- Several examples in the Lyrical Nanoha series such as the Combat Cyborgs of Magical Girl Lyrical Nanoha Striker S created by Jail Scaglietti, the Dark King Ixpellia of Striker S Sound Stage X who is depicted as more of a Puppet King that her kingdom used to create an endless supply of zombies cyborgs, and the Eclipse Drivers of Magical Record Lyrical Nanoha Force that were created by the Vandein Corporation through often fatal human experiments involving the Eclipse Virus. How evil a group is tends to be based on whether they treat their Super Soldiers as mere weapons, or as adopted family members.
- The eponymous character of Saikano, or: Saishuu Heiki Kanojo, or: She, the Ultimate Weapon.
- The Gundam metaseries often has the evil side doing this in an attempt to gain superior pilots. The degree of overlap with plain old Super Soldier varies by series. The Universal Century has most of the Cyber-Newtypes that get created (although there are a rare few people who undergo the process willingly), with the Ple clones being the most extreme, being so thoroughly brainwashed that they see themselves as living weapons who must obey their master in all things. The Cosmic Era also has the Extended, who are often referred to as "biological CPUs" for their mobile suits rather than people, and are literally classified as "equipment" rather than "personnel". Mobile Suit Gundam Seed Astray introduces a whole slew of other characters who are either brainwashed, biologically augmented, and/or cloned for military service.
- Dr. Manhattan is treated as the ultimate nuclear deterrent and anti-nuclear weapon by the US government of Watchmen. He decides to go play god in another galaxy before things go that far.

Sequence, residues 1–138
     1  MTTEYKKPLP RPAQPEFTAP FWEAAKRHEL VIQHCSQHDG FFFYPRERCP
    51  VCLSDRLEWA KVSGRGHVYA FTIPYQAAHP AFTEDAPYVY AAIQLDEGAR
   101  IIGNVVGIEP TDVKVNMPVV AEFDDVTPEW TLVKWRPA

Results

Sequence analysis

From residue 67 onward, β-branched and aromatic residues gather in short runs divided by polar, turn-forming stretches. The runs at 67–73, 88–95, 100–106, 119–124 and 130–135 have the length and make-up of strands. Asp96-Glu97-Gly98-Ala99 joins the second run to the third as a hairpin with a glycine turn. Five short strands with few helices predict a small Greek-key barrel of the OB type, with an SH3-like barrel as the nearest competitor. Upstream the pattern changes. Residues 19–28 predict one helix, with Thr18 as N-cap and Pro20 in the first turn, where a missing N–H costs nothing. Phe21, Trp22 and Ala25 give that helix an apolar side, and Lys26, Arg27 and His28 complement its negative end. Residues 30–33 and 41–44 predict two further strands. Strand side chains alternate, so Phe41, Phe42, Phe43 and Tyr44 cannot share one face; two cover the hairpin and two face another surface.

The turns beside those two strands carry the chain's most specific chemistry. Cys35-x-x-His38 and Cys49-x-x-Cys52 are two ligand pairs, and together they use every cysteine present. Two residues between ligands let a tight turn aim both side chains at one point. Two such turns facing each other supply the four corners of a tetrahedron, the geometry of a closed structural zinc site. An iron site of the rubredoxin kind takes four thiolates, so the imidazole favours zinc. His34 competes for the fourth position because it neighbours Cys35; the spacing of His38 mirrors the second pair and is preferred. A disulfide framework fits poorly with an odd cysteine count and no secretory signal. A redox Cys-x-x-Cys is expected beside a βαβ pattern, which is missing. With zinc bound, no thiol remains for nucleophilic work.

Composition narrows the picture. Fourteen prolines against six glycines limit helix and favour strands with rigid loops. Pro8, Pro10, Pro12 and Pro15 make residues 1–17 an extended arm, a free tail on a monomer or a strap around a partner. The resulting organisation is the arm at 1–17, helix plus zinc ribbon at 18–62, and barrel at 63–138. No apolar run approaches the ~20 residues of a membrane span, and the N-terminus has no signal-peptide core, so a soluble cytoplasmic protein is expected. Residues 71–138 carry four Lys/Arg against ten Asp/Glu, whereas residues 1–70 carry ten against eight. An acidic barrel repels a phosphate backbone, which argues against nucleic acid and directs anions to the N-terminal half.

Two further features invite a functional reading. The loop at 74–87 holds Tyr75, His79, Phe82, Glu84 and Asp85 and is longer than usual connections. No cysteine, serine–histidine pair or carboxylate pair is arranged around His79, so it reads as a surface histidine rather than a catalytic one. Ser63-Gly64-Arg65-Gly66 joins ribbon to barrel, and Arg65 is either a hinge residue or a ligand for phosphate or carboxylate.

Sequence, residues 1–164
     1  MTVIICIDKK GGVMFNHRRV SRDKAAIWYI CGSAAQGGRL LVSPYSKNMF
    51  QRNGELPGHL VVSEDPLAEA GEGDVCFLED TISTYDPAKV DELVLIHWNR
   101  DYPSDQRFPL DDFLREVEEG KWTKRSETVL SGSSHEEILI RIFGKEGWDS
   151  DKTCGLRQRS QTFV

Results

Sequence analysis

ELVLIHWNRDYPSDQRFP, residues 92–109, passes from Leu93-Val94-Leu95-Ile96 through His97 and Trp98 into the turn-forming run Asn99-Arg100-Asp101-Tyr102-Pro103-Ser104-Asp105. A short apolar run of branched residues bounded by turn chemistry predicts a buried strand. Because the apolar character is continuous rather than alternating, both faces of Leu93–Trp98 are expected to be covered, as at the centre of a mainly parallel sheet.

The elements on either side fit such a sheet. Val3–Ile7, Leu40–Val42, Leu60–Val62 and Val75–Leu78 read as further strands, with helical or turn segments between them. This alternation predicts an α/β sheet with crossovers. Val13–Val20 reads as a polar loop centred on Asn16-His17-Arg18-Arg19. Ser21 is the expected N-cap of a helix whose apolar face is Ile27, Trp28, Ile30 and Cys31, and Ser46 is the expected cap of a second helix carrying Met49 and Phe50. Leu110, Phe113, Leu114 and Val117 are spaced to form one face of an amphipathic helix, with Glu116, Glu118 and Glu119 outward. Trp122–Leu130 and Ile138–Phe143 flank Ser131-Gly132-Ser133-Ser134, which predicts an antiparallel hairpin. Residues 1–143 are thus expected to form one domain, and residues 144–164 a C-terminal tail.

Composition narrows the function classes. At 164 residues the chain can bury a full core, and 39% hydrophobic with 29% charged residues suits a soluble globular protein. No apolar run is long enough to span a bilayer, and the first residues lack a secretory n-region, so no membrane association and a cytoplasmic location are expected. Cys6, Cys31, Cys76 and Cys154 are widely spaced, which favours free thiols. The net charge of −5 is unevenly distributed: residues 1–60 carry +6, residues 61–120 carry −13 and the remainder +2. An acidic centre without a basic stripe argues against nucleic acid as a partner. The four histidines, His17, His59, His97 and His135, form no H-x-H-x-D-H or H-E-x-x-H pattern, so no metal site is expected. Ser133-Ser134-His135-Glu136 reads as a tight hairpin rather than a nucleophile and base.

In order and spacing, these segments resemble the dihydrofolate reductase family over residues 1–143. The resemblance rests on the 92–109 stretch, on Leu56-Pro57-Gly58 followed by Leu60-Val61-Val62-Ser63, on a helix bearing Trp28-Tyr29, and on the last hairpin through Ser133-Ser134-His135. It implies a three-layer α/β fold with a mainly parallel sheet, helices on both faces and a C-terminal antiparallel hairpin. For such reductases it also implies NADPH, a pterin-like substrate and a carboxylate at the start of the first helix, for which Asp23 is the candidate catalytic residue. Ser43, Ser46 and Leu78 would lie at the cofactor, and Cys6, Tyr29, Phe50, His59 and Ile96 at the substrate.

- In the first issue of Ultimates 2, after Captain America single-handedly frees hostages in the Middle East; the world is worried that the US government might start using the Ultimates in politically-motivated conflicts. Gee, ya think?
- The Dark Knight Returns has Superman being nothing but an icon who reports directly to the President, who gives him orders that include waging a one-man war in a Banana Republic, stopping the nuclear strike that follows (he fails), and assassinating Batman, all of which he does without question. This is otherwise Averted with Superman though.
- The enhanced humans in Über are manufactured and deployed as heavy weapons; they're even classed as "tanks" or "battleships" according to their power level.
- A key plot element in The Boys is the decades-long attempt of a Mega Corp. to make the US Armed Forces deploy superhumans as weapons.
- In Iron Man 3, the AIM organization infects people with the Extremis nano-virus for this very purpose. Sometimes, it's taken to a literal extreme as some subjects reject Extremis and violently explode in a ball of energy, turning into human bombs.
- The protagonists and Yatsu in the Tetsuo: The Iron Man sequels.
- The Asha'man in The Wheel of Time are trained this way, to use their channeling for hugely destructive purposes, because of a dire need to get powerful soldiers in time for the Last Battle, but also because the price of their power drastically shortens their lifespan. Rand's instruction to the man placed in charge of the Black Tower is, "Make them weapons." He later changes his mind, sending in a messenger to tell them, "We're not weapons. We're men." This has its part in causing them to rally around him.